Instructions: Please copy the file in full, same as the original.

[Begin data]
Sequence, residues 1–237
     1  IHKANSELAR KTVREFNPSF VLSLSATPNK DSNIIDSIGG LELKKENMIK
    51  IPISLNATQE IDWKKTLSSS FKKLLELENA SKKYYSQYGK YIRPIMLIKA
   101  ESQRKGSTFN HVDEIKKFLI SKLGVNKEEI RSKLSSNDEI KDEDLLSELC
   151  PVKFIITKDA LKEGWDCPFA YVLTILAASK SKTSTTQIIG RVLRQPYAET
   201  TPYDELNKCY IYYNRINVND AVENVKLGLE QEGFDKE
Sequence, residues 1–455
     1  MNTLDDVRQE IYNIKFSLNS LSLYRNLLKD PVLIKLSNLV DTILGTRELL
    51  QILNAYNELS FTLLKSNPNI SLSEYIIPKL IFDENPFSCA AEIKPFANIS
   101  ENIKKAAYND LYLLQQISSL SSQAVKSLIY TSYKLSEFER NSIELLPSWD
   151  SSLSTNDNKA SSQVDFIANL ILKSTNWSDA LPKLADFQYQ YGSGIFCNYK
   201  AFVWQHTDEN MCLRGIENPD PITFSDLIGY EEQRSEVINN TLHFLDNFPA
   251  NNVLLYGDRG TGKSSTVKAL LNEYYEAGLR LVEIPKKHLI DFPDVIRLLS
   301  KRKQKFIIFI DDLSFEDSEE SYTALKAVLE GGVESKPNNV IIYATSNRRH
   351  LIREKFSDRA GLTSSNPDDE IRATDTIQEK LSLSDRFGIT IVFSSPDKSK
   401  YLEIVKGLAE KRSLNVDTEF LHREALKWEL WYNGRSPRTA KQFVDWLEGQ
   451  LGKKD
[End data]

Sequence, residues 1–237
     1  IHKANSELAR KTVREFNPSF VLSLSATPNK DSNIIDSIGG LELKKENMIK
    51  IPISLNATQE IDWKKTLSSS FKKLLELENA SKKYYSQYGK YIRPIMLIKA
   101  ESQRKGSTFN HVDEIKKFLI SKLGVNKEEI RSKLSSNDEI KDEDLLSELC
   151  PVKFIITKDA LKEGWDCPFA YVLTILAASK SKTSTTQIIG RVLRQPYAET
   201  TPYDELNKCY IYYNRINVND AVENVKLGLE QEGFDKE
Sequence, residues 1–455
     1  MNTLDDVRQE IYNIKFSLNS LSLYRNLLKD PVLIKLSNLV DTILGTRELL
    51  QILNAYNELS FTLLKSNPNI SLSEYIIPKL IFDENPFSCA AEIKPFANIS
   101  ENIKKAAYND LYLLQQISSL SSQAVKSLIY TSYKLSEFER NSIELLPSWD
   151  SSLSTNDNKA SSQVDFIANL ILKSTNWSDA LPKLADFQYQ YGSGIFCNYK
   201  AFVWQHTDEN MCLRGIENPD PITFSDLIGY EEQRSEVINN TLHFLDNFPA
   251  NNVLLYGDRG TGKSSTVKAL LNEYYEAGLR LVEIPKKHLI DFPDVIRLLS
   301  KRKQKFIIFI DDLSFEDSEE SYTALKAVLE GGVESKPNNV IIYATSNRRH
   351  LIREKFSDRA GLTSSNPDDE IRATDTIQEK LSLSDRFGIT IVFSSPDKSK
   401  YLEIVKGLAE KRSLNVDTEF LHREALKWEL WYNGRSPRTA KQFVDWLEGQ
   451  LGKKD